Chris expressed regret that the writers in Toronto were not more educated enough about the ethics of graffiti: “There’s no education within the street [about the 'hierarchy' of graffiti], it’s just about what looks nice and what looks good for the community. They don’t put into consideration that there is history to the person making it.”
They all agreed that in the end a piece is judged by how long it stays before being painted over and not by the talent of the writer. Jordan developed a very interesting concept about this phenomenon: “You see spots are getting buffed, but if you paint on a mural, chances are it’s gonna stay for awhile. So it’s kind of culture cannibalism you know, the culture is eating itself because it’s so starved in a way.”
But Christina pointed out that this auto-cannibalism could have good aspects too, for example when it comes to commissioned murals with almost automatic attribution to mainstream artists, which brings us back to Billy’s previous remark on the politic grip on urban art and the unfair monopoly of commercial/mainstream artists on municipal approval. The infinite vicious circle that Fresh Paint is trying to break.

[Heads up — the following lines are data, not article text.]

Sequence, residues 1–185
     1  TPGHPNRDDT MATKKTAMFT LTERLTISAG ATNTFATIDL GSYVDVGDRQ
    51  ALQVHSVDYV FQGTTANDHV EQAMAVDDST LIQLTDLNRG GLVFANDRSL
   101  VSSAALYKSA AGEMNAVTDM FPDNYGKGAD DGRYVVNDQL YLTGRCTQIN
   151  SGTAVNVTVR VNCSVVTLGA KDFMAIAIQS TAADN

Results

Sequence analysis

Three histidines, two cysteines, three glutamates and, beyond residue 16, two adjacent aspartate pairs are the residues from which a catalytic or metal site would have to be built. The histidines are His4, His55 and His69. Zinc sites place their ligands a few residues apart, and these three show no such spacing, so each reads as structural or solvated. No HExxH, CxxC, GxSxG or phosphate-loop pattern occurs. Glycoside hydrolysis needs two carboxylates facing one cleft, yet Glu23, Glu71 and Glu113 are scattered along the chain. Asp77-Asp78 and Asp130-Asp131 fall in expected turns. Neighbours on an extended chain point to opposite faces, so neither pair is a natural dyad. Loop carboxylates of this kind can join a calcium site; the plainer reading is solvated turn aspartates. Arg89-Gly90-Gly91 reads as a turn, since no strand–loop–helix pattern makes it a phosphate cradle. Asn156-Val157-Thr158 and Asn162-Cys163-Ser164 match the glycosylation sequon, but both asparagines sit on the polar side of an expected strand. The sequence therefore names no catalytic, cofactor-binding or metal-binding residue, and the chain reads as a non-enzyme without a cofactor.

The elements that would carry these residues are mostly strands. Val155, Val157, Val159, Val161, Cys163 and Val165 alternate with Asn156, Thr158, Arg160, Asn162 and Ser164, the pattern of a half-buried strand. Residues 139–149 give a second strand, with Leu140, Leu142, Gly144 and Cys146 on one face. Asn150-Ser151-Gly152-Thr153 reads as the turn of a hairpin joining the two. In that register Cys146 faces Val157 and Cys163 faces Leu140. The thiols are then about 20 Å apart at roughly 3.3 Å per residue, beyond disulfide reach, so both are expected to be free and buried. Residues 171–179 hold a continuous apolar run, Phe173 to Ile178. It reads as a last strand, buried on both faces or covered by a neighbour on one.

Photo Cred. Adrien Fumex
Original Post by Lina
“Animation gives us the rare opportunity to spill our most coveted attribute, the imagination.”
You're pretty much thrown immediately in Schepperd's psychedelic nightmare-ish realm of face melting metamorphosis and endless shifting palettes. Each work is painstakingly hand drawn, which highlights Schepperd's background of traditional painting twisted with his love of unstoppable movement.
In an interview with Off The Air, Schepperd states "The animation concepts come more from exploring repetition as the driving force behind the illusion of animation", he continues "If characters were to break down they would break down into flesh and blood. Animation breaks down into key frames. So an animated character could break apart into its key frames. It ends up being wildly psychedelic."
If you haven't checked out "Off the Air" already, give it a peek. The first episode was kicked off with Blockhead's music video, "The Music Scene" animated by Schepperd for their 'Animals' episode. Off the Air is a series created by Dave Hughes for Adult Swim. Not a sign of plot or narration, it's an ADHD's dream, showcasing surreal footage based on the episode title and blended without pause into a single continuous video.